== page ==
Black Power and Civil Rights

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Civil Rights DBQ:
Analyze the changes that occurred during the 1960's in the goals, strategies, and support of the movement for African American civil rights.

Document A:
Source: Student Nonviolent Coordinating Committee (SNCC) statement of purpose, April 1960

We affirm the philosophical or religious ideal of nonviolence as the foundation of our purpose, the presupposition of our faith, and the manner of our action. Nonviolence as it grows from Judaic-Christian traditions seeks a social order of justice permeated by love. Integration of human endeavor represents the crucial first step towards such a society.

Through nonviolence, courage displaces fear; love transforms hate. Acceptance dissipates prejudice; hope ends despair. Peace dominates war; faith reconciles doubt. Mutual regard cancels enmity. Justice for all overthrows injustice. The redemptive community supersedes systems of gross social immorality.

Document B:
Source: Martin Luther King, Jr., letter from the Birmingham jail, 1963

My Dear Fellow Clergymen:
I think I should indicate why I am here in Birmingham since you have been influenced by the view which argues against "outsiders coming in." I have the honor of serving as president of the Southern Christian Leadership Conference, an organization operating in every southern state, with headquarters in Atlanta, Georgia....

Several months ago the affiliate here in Birmingham asked us to be on call to engage in a non-violent direct-action program if such were deemed necessary. We readily consented, and when the hour came we lived up to our promise. So I, along with several members of my staff, am here because I was invited here. I am here because I have organizational ties here.

But more basically, I am in Birmingham because injustice is here. Just as the prophets of the eighth century B.C. left their villages and carried their "thus saith the Lord" far beyond the boundaries of their home towns, and just as the Apostle Paul left his village of Tarsus and carried the gospel of Jesus Christ to the far corners of the Greco-Roman world, so I am compelled to carry the gospel of freedom beyond my own home town. Like Paul, I must constantly respond to the Macedonian call for aid.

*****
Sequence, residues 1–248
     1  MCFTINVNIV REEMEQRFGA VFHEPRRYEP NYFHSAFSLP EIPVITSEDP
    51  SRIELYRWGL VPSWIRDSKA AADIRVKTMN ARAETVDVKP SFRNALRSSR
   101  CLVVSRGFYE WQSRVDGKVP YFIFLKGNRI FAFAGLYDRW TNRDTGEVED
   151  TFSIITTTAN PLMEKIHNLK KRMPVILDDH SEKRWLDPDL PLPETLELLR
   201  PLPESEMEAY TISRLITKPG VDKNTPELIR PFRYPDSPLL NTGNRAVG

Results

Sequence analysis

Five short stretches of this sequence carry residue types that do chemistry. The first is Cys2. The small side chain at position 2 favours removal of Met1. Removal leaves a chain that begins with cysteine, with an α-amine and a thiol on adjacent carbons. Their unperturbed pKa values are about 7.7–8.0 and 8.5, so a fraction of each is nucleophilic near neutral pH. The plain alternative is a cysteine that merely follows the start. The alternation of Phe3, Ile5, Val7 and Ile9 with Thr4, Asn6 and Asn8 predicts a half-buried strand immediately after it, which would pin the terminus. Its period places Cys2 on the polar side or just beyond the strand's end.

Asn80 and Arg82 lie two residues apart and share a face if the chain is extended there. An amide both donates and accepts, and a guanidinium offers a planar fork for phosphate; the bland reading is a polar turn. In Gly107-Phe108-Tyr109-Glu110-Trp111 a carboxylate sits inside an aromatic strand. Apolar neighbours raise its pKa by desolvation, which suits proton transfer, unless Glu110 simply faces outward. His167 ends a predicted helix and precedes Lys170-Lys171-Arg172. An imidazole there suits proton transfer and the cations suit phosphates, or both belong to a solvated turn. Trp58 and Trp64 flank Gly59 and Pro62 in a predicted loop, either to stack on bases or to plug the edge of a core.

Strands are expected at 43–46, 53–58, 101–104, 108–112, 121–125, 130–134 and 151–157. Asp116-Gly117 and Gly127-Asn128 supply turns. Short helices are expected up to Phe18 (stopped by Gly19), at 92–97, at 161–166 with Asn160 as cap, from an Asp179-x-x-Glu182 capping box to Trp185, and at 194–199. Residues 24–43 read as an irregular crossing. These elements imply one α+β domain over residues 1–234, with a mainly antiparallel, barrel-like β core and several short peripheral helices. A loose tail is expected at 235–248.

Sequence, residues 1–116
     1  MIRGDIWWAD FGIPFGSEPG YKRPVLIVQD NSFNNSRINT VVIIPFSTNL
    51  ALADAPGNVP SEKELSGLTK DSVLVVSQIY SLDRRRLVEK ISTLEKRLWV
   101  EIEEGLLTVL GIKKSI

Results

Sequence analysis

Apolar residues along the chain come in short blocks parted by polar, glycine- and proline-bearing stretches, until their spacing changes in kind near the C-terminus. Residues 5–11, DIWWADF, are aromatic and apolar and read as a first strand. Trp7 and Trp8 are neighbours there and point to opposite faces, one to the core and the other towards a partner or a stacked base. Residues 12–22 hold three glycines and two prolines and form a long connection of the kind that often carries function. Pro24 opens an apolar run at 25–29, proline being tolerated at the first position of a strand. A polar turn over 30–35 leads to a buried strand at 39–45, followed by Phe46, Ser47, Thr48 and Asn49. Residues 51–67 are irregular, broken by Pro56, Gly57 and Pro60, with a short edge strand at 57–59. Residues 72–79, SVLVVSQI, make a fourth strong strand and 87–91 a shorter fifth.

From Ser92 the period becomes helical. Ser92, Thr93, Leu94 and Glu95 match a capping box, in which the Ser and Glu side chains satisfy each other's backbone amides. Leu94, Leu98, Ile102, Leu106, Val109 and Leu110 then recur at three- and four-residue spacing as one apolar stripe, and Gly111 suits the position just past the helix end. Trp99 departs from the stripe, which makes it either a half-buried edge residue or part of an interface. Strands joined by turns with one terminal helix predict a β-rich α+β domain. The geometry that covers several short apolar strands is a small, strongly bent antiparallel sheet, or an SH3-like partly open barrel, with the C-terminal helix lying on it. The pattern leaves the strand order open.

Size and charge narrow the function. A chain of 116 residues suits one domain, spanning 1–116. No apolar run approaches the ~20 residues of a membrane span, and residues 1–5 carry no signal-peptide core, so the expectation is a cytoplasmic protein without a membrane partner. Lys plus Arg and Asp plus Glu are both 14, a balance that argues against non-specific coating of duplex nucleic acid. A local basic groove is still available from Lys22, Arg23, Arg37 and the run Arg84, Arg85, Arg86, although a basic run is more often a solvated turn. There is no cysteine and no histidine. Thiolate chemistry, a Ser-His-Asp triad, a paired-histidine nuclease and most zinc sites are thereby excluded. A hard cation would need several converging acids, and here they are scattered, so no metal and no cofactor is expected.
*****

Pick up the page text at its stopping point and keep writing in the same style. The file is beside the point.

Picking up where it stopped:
Moreover, I am cognizant of the interrelatedness of all communities and states. I cannot sit idly by in Atlanta and not be concerned about what happens in Birmingham. Injustice anywhere is a threat to justice everywhere. We are caught in an inescapable network of mutuality, tied in a single garment of destiny. Whatever affects one directly, affects all indirectly. Never again can we afford to live with the narrow, provincial "outside agitator" idea. Anyone who lives inside the United States can never be considered an outsider anywhere within its bounds. Document C:

Police Response to Non-violent Civil Rights Demonstrations in Birmingham, Alabama, 1963

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Document D:
Source: President John F. Kennedy in a radio and television report to the American people, June 11, 1963

We are confronted primarily with a moral issue. It is as old as the scriptures and is as clear as the American Constitution.

The heart of the question is whether all Americans are to be afforded equal rights and equal opportunities, whether we are going to treat our fellow Americans as we want to be treated. . . .

The fires of frustration and discord are burning in every city, North and South, where legal remedies are not at hand. Redress is sought in the streets, in demonstrations, parades, and protests which create tensions and threaten violence and threaten lives.

We face, therefore, a moral crisis as a country and a people. It cannot be met by repressive police action. It cannot be left to increased demonstrations in the streets. It cannot be quieted by token moves or talk. It is a time to act in the Congress, in your state and local legislative body and, above all, in all of our daily lives. . . .

Next week I shall...
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